Eye on the Amazon

Occupy Belo Monte!

Photo Credit: Ivan Canabrava / Amazon Watch

"Our resistance against this destructive project called Belo Monte remains unshakable. The occupation has sent a clear message to President Dilma Rousseff's administration that the fight for the Xingu is more alive than ever. If the Brazilian government continues to insist on violating our rights, other resistance actions shall come."

As I landed in the tumultuous city of Altamira last Thursday I was greeted with breaking news from my colleagues at the Xingu Alive Forever Movement: The massive Belo Monte work camp and Trans-Amazon highway had been closed in a daring early morning occupation led by a diverse coalition of indigenous peoples, local farmers, fisherfolk, and members of social movements from across Brazil. In a direct action that was unprecedented in its scale and impact, the occupiers paralyzed works on a portion of the monstrous Belo Monte Dam complex, sending a strong signal of resistance to a belligerent federal government determined to bulldoze their river and their rights.

In a collective statement protesters stressed, "In the face of the Brazilian government's intransigence to dialogue and continuing disrespect, we occupied the Belo Monte construction site and blocked the Trans-Amazon highway. We demand a definitive cancellation of the Belo Monte Dam."

Meanwhile, construction of another set of the project's work camps continued at breakneck speed, using a fleet of heavy machinery to carve wide roads through felled and burnt out forests, forcing people from their homes to make way for Belo Monte's strategic installations. Quite the opposite of heeding the call of protesters to immediately halt construction, the project consortium NESA continued its destruction unabated, confident that overwhelming and seemingly impervious political support for Belo Monte – backed by a ruthless security apparatus – would protect their objectives. But the protest occupation laid bare a basic fact: resistance to the dam is growing as fast as its popularity among local communities and the Brazilian public is falling.

Belo Monte's massive road work continues unabated.

When I arrived at the spirited occupation I was struck by a feeling of hope and determination emanating from its diverse participants. A group of ten indigenous ethnicities, including locally affected communities such as the Juruna and Assurini joined by Kayapo warriors from further up the Xingu basin, held assembly alongside local leaders and members of social movements and NGOs under makeshift shelters, singing resistance songs and protests chants. It was clear that this was more than a convincing show of defiance: it was an inspiring and unprecedented show of unity from indigenous peoples and fishermen, two powerful and resilient groups that have the most to lose if Belo Monte is built. Together with a growing front, these groups are now joined in a struggle to defend the Xingu River and their way of life.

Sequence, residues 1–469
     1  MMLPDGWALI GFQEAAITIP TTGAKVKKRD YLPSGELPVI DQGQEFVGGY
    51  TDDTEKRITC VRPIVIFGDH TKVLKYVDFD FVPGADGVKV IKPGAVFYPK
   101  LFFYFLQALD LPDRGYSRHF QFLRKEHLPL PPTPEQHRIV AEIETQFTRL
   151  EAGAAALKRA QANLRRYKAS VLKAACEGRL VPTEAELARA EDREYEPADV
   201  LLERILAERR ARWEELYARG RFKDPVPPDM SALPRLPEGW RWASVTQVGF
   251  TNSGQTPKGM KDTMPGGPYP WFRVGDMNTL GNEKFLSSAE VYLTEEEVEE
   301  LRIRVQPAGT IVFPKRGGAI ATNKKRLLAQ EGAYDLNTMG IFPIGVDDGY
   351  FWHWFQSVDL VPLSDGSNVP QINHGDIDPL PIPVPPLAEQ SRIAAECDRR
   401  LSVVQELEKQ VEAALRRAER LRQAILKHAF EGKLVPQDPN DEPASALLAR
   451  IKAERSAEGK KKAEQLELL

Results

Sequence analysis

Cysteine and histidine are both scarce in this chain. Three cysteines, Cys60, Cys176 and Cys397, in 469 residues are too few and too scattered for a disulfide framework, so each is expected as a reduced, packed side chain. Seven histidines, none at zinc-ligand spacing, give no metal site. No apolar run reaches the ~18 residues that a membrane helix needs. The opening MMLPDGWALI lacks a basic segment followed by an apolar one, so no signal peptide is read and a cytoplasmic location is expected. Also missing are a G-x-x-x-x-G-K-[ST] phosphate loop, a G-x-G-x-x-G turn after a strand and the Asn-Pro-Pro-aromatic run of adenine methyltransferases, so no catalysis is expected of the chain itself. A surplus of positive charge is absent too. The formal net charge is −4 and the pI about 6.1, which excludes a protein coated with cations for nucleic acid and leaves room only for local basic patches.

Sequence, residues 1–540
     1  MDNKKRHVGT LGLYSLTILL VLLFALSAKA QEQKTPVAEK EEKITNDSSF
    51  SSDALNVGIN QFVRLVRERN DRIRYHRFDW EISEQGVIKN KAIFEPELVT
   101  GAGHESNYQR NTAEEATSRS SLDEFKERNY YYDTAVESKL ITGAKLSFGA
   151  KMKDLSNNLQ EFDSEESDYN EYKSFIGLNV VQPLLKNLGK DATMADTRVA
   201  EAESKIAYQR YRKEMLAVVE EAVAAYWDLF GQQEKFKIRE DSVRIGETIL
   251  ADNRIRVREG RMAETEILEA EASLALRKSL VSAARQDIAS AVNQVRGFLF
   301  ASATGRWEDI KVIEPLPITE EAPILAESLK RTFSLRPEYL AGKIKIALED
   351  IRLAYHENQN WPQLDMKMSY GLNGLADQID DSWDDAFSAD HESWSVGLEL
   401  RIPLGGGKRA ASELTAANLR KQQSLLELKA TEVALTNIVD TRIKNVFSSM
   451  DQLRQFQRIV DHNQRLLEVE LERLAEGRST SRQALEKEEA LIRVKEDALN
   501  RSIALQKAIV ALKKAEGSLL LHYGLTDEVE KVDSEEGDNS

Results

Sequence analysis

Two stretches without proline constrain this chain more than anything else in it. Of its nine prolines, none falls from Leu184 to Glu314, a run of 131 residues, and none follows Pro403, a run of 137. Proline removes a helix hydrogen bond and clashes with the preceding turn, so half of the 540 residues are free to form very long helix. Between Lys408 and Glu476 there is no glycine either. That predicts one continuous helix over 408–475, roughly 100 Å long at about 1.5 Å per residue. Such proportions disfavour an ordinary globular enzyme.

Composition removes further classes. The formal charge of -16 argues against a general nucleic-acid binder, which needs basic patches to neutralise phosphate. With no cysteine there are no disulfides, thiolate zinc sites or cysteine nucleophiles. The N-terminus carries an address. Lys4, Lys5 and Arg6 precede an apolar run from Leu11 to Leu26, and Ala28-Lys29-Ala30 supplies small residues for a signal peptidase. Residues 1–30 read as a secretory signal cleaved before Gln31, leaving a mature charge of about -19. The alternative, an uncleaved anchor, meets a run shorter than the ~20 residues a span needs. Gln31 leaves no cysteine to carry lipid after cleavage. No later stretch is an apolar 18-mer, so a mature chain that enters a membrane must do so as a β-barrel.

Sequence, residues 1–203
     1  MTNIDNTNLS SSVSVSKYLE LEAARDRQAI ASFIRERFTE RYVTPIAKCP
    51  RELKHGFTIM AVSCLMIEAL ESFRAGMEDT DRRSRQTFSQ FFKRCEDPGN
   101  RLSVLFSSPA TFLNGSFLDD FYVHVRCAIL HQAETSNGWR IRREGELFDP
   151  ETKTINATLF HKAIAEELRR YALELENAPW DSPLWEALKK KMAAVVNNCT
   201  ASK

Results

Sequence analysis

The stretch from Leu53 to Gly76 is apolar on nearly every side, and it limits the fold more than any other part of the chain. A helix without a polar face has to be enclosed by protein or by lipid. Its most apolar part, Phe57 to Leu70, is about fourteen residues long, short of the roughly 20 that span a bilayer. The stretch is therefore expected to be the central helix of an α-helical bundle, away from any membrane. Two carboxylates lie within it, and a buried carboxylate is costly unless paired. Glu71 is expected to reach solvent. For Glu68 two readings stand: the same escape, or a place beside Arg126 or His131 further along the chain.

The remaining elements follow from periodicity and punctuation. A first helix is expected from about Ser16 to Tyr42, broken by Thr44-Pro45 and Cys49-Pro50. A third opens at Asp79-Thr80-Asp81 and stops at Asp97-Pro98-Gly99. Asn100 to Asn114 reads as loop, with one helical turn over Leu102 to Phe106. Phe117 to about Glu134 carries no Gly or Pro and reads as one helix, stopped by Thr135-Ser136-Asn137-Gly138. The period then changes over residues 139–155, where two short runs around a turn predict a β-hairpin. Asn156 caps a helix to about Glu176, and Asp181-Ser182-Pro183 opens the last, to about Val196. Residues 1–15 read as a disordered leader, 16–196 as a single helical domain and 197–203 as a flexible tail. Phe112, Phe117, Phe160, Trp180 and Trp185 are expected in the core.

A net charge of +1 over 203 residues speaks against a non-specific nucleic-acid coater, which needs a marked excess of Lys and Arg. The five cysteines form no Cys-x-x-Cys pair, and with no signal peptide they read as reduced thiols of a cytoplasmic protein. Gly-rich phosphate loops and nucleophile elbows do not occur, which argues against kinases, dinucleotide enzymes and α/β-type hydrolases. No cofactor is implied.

The outpouring of support for the protesters from across Brazil and the world demonstrated that such actions truly have the strength and potential to revert the disaster that is Belo Monte. As word got out about the occupation, hundreds of people, including city dwellers from the country's southeast and indigenous nations from the Xingu and elsewhere in the Brazilian Amazon, voiced their desire to join the occupation or support it as possible. While the menace of punitive legal action and brutal police force from surrounding "shock troops" quelled the occupation and its peaceful blockade, the significance of this timely and successful action is undeniable. It is a sign of things to come and a more turbulent time ahead for this polemic project, where those on both sides of this mega-dam will face a time of reckoning.

In their post-occupation statement, protesters made their commitment clear: "Our resistance against this destructive project called Belo Monte remains unshakable. The occupation has sent a clear message to President Dilma Rousseff's administration that the fight for the Xingu is more alive than ever. If the Brazilian government continues to insist on violating our rights, other resistance actions shall come."

Xingu Alive Forever! Xingu Vivo Para Sempre!

Share & Comment

Related Multimedia

Features

Yes, I will donate to protect the Amazon!

"The work you do is vital, and I am happy to support it."
– Charlotte R. A.

DONATE NOW